What of Staveley’s pursuit of Newcastle? “It is only right to let the fans know that there is no deal on the table or even under discussion with Amanda Staveley and PCP,” a source — apparently sanctioned by Ashley — told Sky Sports News this week. “Attempts to reach a deal have proved to be exhausting, frustrating and a complete waste of time.” Staveley countered that. “I’m very much still interested in buying Newcastle,” she said. “And our bid remains on the table.”

Another source — or perhaps the same source — told Sky Sports News this morning, “We are not aware of any bid that doesn’t contain relegation clauses and we are not considering any further talks with PCP Capital Partners.” That was interesting, because The Times is fully aware of a £250 million bid — payable in full on completion — made for Newcastle on November 17, which doesn’t contain relegation clauses. And they can consider what they want, but Staveley is not going away.


Her three bids are there in black and white and so, too, now, is her vision for the club. Can we make a judgment on that? Perhaps not; not unless or until she buys it and gets on with it, but this is not an idle fantasy. She has held meetings with people that matter in Newcastle, with businesses, bodies and leaders (we have confirmed this, independently). She would invest her own money — a lot of it — but says she is also backed by “sovereign wealth funds”.

There is an insidious suggestion that she is flimsy. That she is courting publicity, in spite of this being the only time she has mentioned Newcastle in public. In spite of not doing television. And nobody ever explains why publicity about an attempt to buy a football club which has not (yet) come off makes you look more credible. She would never say this and almost certainly does not believe it, but is it because she is a woman? A woman and photogenic? A woman in football?


But there is another point, too, because some judgment does not have to be deferred. A time-waster? You might argue that Ashley has wasted the past 11 years. Two relegations? Yet another skirmish with it now? A horrific record in the cups? The renaming of the ground, the employment of Joe Kinnear, the abysmal treatment of legends and good men such as Kevin Keegan, Alan Shearer, Chris Hughton? A club that makes less money, commercially, than a decade ago? All that time. All that waste.

Exhausting and frustrating? Like the last three transfer windows? Like Rafa Benitez warning that Newcastle would be in trouble if they did not strengthen last summer and Newcastle not strengthening and then being in trouble? Frustrating like their inability to put two good decisions together?

Frustrating like the knowledge that Benitez arrived speaking about Newcastle in terms of history, stature and potential, since when he has repeatedly been confronted by the smallness of their behaviour. It feels like an endless list: Jonas Gutierrez, HMRC, Wonga, written warnings to managers for talking about transfers, the truncation of ambition, the 52,000 souls who troop to matches with their yearning deadened, hope flickering only because of Benitez.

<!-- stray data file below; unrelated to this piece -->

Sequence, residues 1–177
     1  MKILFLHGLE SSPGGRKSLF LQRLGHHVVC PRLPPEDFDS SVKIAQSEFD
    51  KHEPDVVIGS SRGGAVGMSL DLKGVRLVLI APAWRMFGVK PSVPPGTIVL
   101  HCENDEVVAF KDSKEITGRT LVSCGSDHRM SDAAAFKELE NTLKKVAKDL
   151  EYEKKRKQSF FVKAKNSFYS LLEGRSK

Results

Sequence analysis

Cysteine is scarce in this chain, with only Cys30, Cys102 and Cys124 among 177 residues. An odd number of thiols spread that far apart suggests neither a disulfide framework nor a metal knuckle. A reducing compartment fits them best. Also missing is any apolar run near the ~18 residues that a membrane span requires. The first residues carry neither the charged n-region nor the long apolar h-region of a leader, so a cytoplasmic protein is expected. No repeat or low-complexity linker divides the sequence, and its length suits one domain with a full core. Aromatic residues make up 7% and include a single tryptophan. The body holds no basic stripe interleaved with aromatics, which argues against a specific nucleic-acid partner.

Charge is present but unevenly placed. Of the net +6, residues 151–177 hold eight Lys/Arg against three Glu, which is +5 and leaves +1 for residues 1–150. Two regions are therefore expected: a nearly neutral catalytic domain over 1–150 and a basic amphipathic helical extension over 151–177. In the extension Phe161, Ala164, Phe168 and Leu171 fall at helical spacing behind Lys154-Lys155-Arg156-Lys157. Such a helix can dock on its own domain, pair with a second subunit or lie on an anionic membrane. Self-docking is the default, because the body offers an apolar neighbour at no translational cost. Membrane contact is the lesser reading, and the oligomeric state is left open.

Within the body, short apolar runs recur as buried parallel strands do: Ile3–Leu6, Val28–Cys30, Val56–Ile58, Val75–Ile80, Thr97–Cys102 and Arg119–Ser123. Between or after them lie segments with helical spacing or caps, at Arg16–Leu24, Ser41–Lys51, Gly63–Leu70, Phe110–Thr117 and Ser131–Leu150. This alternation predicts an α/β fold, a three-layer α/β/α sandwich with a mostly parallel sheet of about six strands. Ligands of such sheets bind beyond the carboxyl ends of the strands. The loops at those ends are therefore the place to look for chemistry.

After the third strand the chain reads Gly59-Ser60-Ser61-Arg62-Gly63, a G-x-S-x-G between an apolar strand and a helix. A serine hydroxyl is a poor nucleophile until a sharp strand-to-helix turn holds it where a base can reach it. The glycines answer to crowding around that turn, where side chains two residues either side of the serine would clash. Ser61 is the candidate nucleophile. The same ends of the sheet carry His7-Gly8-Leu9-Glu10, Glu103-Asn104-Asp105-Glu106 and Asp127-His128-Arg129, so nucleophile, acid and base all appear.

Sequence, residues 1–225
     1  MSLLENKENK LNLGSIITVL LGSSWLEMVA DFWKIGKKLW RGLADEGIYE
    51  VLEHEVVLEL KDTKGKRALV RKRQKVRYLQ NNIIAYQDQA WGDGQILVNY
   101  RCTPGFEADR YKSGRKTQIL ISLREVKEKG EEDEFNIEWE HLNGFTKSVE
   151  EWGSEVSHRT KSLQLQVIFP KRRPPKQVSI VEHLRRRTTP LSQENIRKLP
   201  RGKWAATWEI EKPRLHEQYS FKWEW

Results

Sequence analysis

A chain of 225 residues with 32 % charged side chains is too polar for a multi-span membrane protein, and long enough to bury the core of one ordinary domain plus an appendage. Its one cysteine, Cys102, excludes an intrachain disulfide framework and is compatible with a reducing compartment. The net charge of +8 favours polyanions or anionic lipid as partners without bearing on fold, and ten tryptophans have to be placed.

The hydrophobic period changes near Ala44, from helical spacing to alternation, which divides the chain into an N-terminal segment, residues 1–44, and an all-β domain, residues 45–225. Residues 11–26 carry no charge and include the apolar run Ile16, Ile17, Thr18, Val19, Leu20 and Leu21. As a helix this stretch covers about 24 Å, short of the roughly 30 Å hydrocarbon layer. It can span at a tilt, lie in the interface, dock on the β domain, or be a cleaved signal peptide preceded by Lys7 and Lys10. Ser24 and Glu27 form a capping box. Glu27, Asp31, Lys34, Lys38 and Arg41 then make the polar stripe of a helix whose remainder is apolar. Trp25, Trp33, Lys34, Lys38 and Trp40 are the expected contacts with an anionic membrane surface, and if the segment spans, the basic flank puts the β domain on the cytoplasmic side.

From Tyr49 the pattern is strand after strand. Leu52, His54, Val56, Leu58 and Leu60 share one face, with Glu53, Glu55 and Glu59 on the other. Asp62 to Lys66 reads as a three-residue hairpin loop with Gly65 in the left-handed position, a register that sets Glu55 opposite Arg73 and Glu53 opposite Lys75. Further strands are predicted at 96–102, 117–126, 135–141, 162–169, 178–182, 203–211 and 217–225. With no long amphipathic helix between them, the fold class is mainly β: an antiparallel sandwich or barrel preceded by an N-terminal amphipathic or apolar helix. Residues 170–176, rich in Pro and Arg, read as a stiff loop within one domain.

I do not know Amanda Staveley, but I’ve met her and I’ve talked to her and that’s better than nothing. I don’t know Mike Ashley, either, and the only way I’ve got in front of him was by buying shares in Sports Direct (with my money, not the paper’s), and asking questions at an AGM, one of the most excruciating experiences of my life. I cannot judge Staveley, but I will judge Ashley and I do. Ask yourself the question: do you get the feel that he’s really genuine?


The amount of fucking morons who jumped on board the "tyre kicker" bandwagon, journalists included, is dumbfounded, he's a fucking compulsive liar.

As for that daft house analogy, fuck me, there's too many stupid bastards who can type for my liking.

Amazing how quickly this insider can release information when they want, anonymously of course Essex



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 Post subject: Re: Just When You Thought We Might Get Sold...
PostPosted: Fri Jan 19, 2018 7:14 pm 
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Ashley has indeed got the hump, according to Martin Hardy anyway.

Quote:
Ashley will not sell to Staveley. There is now no room for negotiation as far as the Newcastle owner is concerned. He has become increasingly annoyed by her tactics, which included turning up at a London curry house when he was out with his wife and then being photographed as she left.


Although earlier Luke Edwards reckoned if Staveley bids £300ml no clauses he'd take it, so one of them's wrong.



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 Post subject: Re: Just When You Thought We Might Get Sold...
PostPosted: Sat Jan 20, 2018 3:31 pm 
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Not sure what has happened to Martin Hardy, he's written some bizarre stuff last couple of months and he was pretty close to Rafa :shock:



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 Post subject: Re: Just When You Thought We Might Get Sold...
PostPosted: Thu Feb 01, 2018 7:48 pm 
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Article in the Ronnie stating there are still interested parties but slagging off Stavely's bid as disingenuous because it was played out in the media - and we all know who manipulated that. Dr Tom Markham (whoever he is) reckons also that the real figure Ashley will sell for will depend on the new shortly to be announced monies Sky intend to pay for the next few seasons. I hope it's not too much because no doubt the greedy cunt will hang on for another year just to get his hands on the cash banghead